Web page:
Meeting Crystal, the Monkey from Night at the Museum Movies

Animal Stars
Don’t we all, deep in our hearts, want to meet a celebrity superstar someday?

Our opportunity came when we interviewed Thomas (Tom) Gunderson and met his family’s most famous member—Crystal, the adorable capuchin monkey who starred in the Night At The Museum movies, among many other memorable roles.

Meeting this delightful A-lister movie star was a special part of our extensive research as co-authors with Robin Ganzert, president of American Humane Association, for our new book ANIMAL STARS: Behind the Scenes with Your Favorite Animal Actors (New World Library, September, 2014, www.animalstarsbook.com). We had to literally go “behind the scenes” to see for ourselves how the animals we all love in film, television, and commercials are trained and cared for. Continue reading

From Heart Wrenching to Heartwarming: Red Star® Tennessee Horse Rescue

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We weren’t sure that we were going to be able to save him. Weak and frail, I looked into Scooter’s eyes and could tell that he had lost all hope. He simply had just given up and decided that he couldn’t take it any longer. But, as our team crested the hill last Thursday morning during a law enforcement seizure in Lauderdale County, Tennessee to rescue six horses in a heart wrenching case of alleged animal cruelty – our teams immediately sprang into action – committed to getting Scooter and the five other members of his equestrian family off of the property alive.

Our Red Star® team, alongside our great friend and veterinarian, Dr. Jennifer Dunlap of Dunlap Equine Services, worked with incredible precision to save the lives of these horses, some of which were so horribly malnourished that they required IVs and oxygen before we could even leave the property where the seizure was being conducted. In the field, Scooter by far was the absolute worst. He, along with several others were critical – and Dr. Dunlap was diligent in providing swift, expert medical treatment to help save them. However, there was still a huge problem. Scooter not only needed IVs and oxygen – he was so weak that he couldn’t get up. So our amazing team once again sprang into action – getting trucks into position, carefully preparing straps, all the while providing comfort to poor Scooter whose life remained in the balance.

I held Scooter’s head while the team prepared to slowly lift Scooter to his feet so we could load him onto a transport trailer and then immediately rush him to our undisclosed emergency shelter for further intensive care. While we waited, I could sense that while he was coming around thanks to some of the emergency treatment he received – he still felt completely defeated. But within moments, teams of three-four lifted opposing straps which were properly positioned under Scooter’s body, and he was – to our astonishment – upright just long enough for us to load him into the trailer before he collapsed in the soft bedding where he remained for transport.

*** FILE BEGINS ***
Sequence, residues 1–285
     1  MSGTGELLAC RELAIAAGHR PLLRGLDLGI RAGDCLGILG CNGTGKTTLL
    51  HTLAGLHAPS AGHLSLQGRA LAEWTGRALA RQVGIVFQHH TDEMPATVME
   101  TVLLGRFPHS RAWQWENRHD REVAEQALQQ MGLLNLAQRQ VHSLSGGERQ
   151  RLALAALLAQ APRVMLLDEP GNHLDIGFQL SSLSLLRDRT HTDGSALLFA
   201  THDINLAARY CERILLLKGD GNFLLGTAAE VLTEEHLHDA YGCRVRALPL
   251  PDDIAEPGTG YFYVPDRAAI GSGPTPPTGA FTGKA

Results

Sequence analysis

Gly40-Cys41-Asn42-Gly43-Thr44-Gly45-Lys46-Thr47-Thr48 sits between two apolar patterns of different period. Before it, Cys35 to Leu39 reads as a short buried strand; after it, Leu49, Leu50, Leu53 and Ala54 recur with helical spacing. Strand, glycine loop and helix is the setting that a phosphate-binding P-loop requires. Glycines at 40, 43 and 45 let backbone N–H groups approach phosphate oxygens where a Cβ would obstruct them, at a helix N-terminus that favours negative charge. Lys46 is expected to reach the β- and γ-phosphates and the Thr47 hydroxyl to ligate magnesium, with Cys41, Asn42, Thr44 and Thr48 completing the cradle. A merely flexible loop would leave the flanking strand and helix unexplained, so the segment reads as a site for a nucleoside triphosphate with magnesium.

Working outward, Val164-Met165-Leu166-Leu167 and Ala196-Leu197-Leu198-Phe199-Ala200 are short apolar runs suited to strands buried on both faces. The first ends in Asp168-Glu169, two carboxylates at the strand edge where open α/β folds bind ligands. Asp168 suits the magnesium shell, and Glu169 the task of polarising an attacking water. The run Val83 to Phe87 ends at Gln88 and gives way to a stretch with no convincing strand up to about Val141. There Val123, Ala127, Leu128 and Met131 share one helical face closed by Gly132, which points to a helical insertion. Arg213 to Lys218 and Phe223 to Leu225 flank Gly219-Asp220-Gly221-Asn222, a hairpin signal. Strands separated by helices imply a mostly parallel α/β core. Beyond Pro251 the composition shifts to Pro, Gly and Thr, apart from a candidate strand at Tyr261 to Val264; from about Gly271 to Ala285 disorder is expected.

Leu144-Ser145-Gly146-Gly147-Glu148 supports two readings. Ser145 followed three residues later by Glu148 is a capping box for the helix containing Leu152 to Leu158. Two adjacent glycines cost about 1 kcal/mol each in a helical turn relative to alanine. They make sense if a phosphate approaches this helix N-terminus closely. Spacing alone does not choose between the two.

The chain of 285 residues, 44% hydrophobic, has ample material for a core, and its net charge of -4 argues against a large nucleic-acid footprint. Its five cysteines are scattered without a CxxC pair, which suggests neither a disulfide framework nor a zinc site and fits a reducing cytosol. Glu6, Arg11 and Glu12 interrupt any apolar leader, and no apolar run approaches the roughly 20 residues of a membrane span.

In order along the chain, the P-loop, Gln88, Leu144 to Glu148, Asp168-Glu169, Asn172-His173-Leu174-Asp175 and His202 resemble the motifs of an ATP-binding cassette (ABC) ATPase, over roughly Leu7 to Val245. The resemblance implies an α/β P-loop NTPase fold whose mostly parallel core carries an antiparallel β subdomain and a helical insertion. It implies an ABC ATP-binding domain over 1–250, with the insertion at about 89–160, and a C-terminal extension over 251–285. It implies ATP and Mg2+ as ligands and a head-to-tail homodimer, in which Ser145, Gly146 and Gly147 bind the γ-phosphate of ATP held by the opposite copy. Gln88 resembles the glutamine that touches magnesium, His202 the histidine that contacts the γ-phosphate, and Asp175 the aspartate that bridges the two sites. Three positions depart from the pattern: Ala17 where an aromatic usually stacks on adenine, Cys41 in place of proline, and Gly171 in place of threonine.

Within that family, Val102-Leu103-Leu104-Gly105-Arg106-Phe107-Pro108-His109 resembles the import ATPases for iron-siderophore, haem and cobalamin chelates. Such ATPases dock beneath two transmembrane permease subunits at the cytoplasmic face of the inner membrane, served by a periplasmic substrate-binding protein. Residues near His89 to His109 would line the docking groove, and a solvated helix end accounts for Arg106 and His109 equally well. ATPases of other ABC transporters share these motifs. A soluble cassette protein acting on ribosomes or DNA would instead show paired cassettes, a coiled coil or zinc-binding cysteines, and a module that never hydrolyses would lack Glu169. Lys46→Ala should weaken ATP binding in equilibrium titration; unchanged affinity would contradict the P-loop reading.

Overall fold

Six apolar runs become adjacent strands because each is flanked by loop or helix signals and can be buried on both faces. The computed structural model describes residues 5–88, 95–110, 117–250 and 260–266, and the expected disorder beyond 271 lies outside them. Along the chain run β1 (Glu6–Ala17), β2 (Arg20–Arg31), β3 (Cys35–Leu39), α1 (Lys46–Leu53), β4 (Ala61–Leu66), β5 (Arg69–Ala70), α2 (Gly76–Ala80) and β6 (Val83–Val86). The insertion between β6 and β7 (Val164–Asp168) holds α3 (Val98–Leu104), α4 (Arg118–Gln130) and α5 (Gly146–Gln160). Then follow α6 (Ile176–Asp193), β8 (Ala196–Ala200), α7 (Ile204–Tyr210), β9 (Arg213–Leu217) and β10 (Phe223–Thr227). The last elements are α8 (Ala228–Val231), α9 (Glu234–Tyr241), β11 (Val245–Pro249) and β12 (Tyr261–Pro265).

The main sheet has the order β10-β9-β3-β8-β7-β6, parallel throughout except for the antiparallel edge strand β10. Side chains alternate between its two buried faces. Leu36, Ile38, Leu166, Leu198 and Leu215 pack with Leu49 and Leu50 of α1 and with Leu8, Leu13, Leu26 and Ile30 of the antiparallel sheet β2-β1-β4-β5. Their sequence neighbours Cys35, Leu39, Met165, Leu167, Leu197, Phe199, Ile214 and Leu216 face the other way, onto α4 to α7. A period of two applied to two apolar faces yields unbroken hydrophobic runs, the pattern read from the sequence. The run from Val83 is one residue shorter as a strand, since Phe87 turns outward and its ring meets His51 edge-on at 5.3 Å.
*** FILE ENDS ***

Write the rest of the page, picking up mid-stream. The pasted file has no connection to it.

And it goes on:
Our work didn’t stop in the field though, and quite frankly it was only just beginning. Back at the emergency shelter our teams have been running a 24/7 critical care unit along with Dr. Dunlap. And Scooter, once unloaded through professional rescue techniques, was immediately placed in an Anderson sling and was connected to more IV’s while receiving much needed oxygen just to keep him alive.

These horses are far from out of the woods and our teams continue to provide intensive care to these precious animals around-the-clock. From cleaning stalls, to providing lifesaving intervention including blood transfusions and hand-feeding critically ill animals – our team hasn’t stopped. But happily, one thing is for sure – Scooter is certainly starting to get that sparkle back in his eyes and he’s even taken his first steps and remained out of the sling over the last 12-24 hours thanks to his miraculous progress. It literally brought tears to some of our eyes as we watched him feel free and strong enough to stand on his own for the first time. It was exceptionally heartwarming!

I cannot thank our team of heroes enough. And I cannot express the amount of appreciation we have for the many caring individuals who have helped these animals. Most importantly – we thank our wonderful supporters like you – and our Red Star program presenting sponsors at MARS Petcare US, makers of PEDIGREE® food for dogs – you each allow us to save animals’ lives at a moment’s notice! Those animals just like Scooter, and the other horses that now have a fighting chance.

American Humane Association is the country’s first national humane organization and the only one dedicated to protecting both children and animals. Visit American Humane Association at www.americanhumane.org and remember to follow us on Facebook and Twitter.